The Obamacare debate isn’t over
WASHINGTON D.C. — The question of whether Republicans should repeal Obamacare appears settled. Vice President-elect Mike Pence was on Capitol Hill on Wednesday to rally his party’s lawmakers. Later in the day, the Senate voted 51-48 to begin debate on a budget resolution that would help pave the way for repeal of President Obama’s signature policy.
But don’t be fooled. The debate over whether to scrap the law is not yet over, and what appears to be merely a question of timing is about much more than that. As a result, Republicans will have to tread a careful path that balances a desire to abandon Obamacare as soon as possible with the need to respect the reality that the complexities of changing the system will persist well beyond any near-term bill signing ceremonies.
Of course, now that the end of Obamacare appears in sight, with the election of a Republican president and the party’s control of the Senate and the House, a chorus of voices is urging delay and caution. And it’s true that widespread, sudden disruption of existing health insurance arrangements could short-circuit a workable transition to more market-oriented and less Washington-centric health policy reforms. Hastily concocted political experiments on tens of millions of Americans could deliver unintended consequences.
Meanwhile, procedural and budgetary landmines on Capitol Hill also require careful planning, while holding together narrow working majorities — particularly in the Senate — as the Affordable Care Act is overturned will involve multiple compromises. Members must swallow hard and pull back from past rhetorical posturing.
But the reality is that such hurdles are by no means unique to Obamacare; they exist whenever any major changes in direction for complex national legislation are proposed. Even the Obama administration and its allies had to drastically revise the plans it envisioned in January 2009 and accept whatever it could get through Congress 15 months later (it then spent another six years trying to revise a deeply flawed law through often desperate means).
And it should also be remembered that many of the voices eager to recount how hard all this is will have other agendas — many want to preserve the status quo, not because it’s particularly valuable or popular, but because they claim it’s just too late and too hard to change it. (Not coincidentally, some of the loudest naysayers benefit more from maintaining than scrapping the current system).
Still, while the risk of ending up on the merry-go-round of ACA replacement proposals lacking sufficient support, depth, or effectiveness is real, there are risks posed by the opposite reaction: the desire for quick and simple repeal.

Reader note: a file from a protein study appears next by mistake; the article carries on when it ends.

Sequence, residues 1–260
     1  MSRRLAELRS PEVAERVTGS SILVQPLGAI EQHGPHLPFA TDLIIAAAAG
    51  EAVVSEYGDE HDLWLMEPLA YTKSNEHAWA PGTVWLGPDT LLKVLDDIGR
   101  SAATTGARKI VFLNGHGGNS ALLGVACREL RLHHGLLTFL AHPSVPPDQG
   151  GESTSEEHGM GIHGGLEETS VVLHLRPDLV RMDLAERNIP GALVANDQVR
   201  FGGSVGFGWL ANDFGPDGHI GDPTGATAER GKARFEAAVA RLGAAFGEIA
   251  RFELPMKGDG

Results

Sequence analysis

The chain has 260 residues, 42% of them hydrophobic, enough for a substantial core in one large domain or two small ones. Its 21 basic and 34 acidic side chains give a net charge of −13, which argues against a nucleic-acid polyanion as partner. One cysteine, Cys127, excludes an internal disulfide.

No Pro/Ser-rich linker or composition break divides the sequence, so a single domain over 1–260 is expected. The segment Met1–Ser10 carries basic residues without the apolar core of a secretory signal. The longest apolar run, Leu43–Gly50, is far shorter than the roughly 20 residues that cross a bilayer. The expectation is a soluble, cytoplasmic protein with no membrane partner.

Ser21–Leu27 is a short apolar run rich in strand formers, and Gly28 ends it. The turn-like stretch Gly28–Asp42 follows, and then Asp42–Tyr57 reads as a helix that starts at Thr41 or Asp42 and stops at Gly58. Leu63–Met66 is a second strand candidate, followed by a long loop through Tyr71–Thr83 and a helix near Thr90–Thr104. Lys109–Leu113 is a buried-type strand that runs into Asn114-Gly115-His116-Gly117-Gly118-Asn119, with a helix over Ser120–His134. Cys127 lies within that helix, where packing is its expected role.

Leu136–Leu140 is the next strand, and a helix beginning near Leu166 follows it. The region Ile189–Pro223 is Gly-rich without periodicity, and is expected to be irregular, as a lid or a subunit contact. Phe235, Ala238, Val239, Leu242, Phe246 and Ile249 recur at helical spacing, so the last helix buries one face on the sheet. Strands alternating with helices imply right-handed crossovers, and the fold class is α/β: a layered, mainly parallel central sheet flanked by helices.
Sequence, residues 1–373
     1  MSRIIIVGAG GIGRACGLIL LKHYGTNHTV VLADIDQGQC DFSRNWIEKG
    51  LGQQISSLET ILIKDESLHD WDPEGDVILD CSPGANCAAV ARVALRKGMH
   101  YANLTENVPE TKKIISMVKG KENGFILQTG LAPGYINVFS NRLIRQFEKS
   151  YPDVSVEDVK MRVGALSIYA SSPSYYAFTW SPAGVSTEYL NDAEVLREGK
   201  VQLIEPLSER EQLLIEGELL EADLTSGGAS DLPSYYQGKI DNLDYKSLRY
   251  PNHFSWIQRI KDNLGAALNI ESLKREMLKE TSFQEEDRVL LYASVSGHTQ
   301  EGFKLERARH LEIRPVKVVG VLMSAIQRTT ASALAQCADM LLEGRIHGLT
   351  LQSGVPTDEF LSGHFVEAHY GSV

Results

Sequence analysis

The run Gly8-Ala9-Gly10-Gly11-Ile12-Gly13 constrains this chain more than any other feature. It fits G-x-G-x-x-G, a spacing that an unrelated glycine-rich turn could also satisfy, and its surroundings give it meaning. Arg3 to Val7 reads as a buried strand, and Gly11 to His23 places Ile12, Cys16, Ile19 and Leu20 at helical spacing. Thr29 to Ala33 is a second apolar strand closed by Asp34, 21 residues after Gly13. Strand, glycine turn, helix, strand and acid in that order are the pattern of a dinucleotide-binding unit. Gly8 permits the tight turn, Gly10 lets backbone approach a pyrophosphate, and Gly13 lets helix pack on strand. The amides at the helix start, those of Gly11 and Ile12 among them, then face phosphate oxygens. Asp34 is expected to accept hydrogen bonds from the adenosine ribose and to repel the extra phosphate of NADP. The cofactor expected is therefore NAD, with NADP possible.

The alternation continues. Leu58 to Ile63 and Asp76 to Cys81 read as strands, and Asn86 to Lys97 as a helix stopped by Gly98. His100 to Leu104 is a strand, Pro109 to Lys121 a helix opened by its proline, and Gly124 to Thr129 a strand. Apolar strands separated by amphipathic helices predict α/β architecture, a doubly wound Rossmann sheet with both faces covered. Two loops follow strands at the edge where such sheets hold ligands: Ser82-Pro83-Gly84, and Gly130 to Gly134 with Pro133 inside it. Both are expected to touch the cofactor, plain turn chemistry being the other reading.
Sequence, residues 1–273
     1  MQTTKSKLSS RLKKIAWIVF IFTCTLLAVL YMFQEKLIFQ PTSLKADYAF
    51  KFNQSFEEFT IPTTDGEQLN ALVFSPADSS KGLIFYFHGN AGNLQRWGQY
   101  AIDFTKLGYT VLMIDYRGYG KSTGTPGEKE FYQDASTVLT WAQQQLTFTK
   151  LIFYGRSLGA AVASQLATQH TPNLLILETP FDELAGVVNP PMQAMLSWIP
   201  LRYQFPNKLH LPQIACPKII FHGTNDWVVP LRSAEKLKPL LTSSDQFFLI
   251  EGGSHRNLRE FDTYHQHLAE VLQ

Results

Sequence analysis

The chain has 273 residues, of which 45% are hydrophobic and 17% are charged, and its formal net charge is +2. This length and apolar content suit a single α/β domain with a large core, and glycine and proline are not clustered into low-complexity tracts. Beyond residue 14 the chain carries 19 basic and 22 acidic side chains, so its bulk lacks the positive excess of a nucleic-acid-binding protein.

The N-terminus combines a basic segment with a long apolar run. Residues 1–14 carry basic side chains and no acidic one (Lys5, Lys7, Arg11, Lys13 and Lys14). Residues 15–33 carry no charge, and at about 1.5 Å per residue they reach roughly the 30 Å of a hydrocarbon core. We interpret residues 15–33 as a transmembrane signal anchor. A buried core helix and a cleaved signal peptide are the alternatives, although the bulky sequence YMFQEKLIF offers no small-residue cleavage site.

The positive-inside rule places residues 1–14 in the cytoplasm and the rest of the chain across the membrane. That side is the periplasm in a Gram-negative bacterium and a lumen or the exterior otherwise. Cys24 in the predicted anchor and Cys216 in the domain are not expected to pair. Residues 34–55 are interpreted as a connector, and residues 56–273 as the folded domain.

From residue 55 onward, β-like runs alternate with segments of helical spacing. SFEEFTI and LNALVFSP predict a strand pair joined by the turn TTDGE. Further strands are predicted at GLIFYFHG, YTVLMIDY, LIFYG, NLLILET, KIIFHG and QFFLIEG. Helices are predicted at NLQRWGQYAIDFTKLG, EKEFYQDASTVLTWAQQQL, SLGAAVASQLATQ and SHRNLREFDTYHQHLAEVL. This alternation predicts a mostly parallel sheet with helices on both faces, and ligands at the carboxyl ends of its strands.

Congressional leaders are well aware that other unexpected issues suddenly can crowd out and capture the attention span and political capital needed to execute the challenges of health policy reform. And they also have a non-negotiable obligation to their voters to fulfill at least some portion of their longstanding campaign promises to repeal and (perhaps) replace (at least some parts of) Obamacare.
Ultimately, the current Congress and the incoming Trump administration cannot afford to walk away from this issue without being able to claim victory. To do so, they will likely start by taking one sizable leap for their supporters — repealing as much of the ACA as congressional procedures, budget scoring rules, and vote counts will allow in the first half of this year. As a result, some, but not all, of the repealed provisions will limp on for at least another year, if not longer.
In practice, that may mean something like the following moves:
— quick repeal of the individual and employer mandates for insurance coverage,
— delayed repeal of ACA taxes on the health care industry (at least until those sectors agree to “play ball” with the new majority’s transitional plans),
— continuation of insurance subsidies for 2017 that later become gradually revised (flatter and broader refundable tax credits) in future years, and
— accelerated reductions in Medicaid’s coverage expansion through per capita allotments to states.
The next daunting phase of reform — involving the regulatory side of Obamacare — will require larger, 60-vote majority compromises in the Senate that will leave just about all parties unhappy.
In other words, after a giant leap into the mostly unknown in the first half of 2017, some of the key political and policy facts on the ground will have changed. Republicans focused on maintaining their tenuous majority still face a steep and long climb. In this next stage, they will have to keep adjusting their tactics to the specific battles at hand involving replacement and transitional implementation. But one thing is certain — slipping backward is not an option for Republicans. Whatever comes next will require that they at least be able to declare victory.